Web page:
Flesh and Spirit
After all, the focus in this passage is on flesh and spirit, and sin is gratuitously read into it not out of it. This point is underlined especially by verse 6 which differentiates between physical and spiritual birth and more particularly by verse 7 where Jesus says it is necessary (Gk dei), not imperative, for all who are flesh to be born again. If the imperative had been used as it is, for example, in Mark 1:15 (cf. Luke 13:3) with regard to repentance, the picture would change. The truth is, however, that man as flesh and blood is excluded by birth nature from entering the spiritual kingdom of God. This being so, he needs, first, to be born from above, that is, receive God’s own nature (cf. Carson referring to John 4:24) as Jesus strongly insists and John implies in 1:13, and, second, to undergo corporeal transformation as Paul avers in 1 Corinthians 15:50. In other words, these things are necessary irrespective of sin. (2* See my Two ‘Natural’ Necessities.)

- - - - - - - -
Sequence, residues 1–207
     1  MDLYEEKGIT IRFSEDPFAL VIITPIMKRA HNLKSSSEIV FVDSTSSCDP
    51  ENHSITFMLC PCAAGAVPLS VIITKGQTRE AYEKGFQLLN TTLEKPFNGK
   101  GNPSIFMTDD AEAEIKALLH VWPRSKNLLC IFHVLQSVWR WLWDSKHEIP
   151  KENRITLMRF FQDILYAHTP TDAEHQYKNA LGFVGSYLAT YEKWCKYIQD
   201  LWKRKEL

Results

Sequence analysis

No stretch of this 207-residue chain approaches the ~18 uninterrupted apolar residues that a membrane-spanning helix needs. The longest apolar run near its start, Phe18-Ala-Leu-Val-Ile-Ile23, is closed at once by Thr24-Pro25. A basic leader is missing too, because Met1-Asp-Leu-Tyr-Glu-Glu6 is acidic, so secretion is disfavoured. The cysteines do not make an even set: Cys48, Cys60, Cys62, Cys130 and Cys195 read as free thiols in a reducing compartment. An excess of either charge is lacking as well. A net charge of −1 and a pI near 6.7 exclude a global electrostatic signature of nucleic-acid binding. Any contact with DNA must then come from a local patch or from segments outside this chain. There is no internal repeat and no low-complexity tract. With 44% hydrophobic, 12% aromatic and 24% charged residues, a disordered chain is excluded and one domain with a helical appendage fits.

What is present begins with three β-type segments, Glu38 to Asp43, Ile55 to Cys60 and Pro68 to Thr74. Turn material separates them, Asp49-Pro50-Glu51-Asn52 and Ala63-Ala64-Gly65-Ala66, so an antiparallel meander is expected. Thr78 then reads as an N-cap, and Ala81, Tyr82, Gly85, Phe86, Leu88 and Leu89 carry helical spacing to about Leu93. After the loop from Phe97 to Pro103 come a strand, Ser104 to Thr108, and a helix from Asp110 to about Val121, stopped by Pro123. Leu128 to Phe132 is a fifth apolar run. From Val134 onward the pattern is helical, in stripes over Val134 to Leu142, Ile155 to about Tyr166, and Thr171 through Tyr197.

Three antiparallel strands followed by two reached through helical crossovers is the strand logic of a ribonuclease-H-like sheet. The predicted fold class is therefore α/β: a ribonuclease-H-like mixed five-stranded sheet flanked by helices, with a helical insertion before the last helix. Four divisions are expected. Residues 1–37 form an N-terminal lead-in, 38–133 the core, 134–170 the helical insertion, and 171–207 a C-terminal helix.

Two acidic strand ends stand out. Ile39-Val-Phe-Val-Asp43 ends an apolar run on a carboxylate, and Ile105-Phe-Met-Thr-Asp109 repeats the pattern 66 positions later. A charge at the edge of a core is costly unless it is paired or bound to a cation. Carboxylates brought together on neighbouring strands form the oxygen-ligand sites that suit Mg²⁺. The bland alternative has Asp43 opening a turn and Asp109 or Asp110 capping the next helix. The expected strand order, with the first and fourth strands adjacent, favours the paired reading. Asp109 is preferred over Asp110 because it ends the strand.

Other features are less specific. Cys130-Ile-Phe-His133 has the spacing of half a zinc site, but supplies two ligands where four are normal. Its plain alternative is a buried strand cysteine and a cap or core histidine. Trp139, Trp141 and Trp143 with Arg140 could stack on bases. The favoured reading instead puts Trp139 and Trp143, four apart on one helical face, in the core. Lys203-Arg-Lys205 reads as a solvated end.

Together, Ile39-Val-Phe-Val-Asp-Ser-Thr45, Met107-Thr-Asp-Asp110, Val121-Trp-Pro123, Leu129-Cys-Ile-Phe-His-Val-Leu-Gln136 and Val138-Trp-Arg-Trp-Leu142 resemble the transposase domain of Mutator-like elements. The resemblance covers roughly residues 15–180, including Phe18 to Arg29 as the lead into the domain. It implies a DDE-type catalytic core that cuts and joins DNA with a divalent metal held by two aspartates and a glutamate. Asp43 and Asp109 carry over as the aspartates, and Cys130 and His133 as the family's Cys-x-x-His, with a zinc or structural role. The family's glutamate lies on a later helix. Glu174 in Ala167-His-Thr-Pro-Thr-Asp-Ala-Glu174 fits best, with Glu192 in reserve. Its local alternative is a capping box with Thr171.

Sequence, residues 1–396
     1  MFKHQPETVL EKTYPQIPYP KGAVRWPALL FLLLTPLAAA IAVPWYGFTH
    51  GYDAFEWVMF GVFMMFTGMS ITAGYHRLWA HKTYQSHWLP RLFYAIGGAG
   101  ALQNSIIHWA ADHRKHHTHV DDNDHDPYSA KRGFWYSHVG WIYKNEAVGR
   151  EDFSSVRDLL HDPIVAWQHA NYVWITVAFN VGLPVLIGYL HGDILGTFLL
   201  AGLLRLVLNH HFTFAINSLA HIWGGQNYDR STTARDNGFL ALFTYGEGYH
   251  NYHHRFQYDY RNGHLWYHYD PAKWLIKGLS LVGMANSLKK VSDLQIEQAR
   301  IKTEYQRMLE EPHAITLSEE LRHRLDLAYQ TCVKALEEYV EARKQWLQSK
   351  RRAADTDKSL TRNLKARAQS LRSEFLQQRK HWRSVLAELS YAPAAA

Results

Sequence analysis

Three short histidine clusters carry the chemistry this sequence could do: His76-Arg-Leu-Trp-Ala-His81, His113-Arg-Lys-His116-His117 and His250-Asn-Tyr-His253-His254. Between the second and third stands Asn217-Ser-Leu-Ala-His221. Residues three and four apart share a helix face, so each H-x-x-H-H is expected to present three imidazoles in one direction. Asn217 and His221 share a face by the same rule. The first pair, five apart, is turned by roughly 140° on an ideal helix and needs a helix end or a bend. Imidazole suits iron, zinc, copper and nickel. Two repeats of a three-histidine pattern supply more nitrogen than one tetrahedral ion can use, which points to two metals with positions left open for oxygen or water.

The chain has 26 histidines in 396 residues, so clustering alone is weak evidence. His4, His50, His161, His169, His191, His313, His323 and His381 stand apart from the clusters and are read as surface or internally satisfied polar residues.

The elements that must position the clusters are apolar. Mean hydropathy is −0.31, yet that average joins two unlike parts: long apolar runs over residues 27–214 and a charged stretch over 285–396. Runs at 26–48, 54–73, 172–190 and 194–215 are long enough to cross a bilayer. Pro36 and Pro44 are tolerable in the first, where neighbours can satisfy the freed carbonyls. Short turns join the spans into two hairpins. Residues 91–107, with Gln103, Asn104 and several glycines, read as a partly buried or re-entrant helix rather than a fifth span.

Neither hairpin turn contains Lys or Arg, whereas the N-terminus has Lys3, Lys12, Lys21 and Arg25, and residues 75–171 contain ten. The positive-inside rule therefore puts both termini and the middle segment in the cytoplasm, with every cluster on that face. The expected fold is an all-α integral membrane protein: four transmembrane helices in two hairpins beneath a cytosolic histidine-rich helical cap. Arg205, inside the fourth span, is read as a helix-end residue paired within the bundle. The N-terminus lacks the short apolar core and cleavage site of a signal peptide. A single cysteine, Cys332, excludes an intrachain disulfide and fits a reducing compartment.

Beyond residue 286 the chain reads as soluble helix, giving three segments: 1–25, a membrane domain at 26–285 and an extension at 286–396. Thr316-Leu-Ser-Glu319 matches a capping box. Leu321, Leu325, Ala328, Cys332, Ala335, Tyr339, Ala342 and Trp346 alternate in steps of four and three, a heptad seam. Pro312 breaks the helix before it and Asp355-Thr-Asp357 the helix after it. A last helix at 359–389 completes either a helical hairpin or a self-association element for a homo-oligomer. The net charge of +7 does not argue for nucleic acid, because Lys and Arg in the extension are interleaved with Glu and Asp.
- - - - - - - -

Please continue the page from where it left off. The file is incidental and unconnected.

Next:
This point is underlined by John 3:3 where Jesus says that unless ‘one’ or ‘anyone’ (Gk tis) is born again, he cannot see the kingdom of God. Commenting on this Berkhof, categorically and surely correctly, says that this statement leaves no room for exceptions (p.472). But if this is so, then Jesus himself as the Word incarnate, that is, flesh, must be included. To appreciate the truth of this we have only to look at passages like Matthew 3:13-17 which, if we are prepared to let the text speak for itself without allowing traditional ideas regarding original sin to intrude, we can safely assume that incarnate Jesus himself, who has kept to perfection the law which promises life (Lev. 18:5) and thereby pleased his Father, is as a man of flesh and blood (Heb. 2:14,17) given eternal life.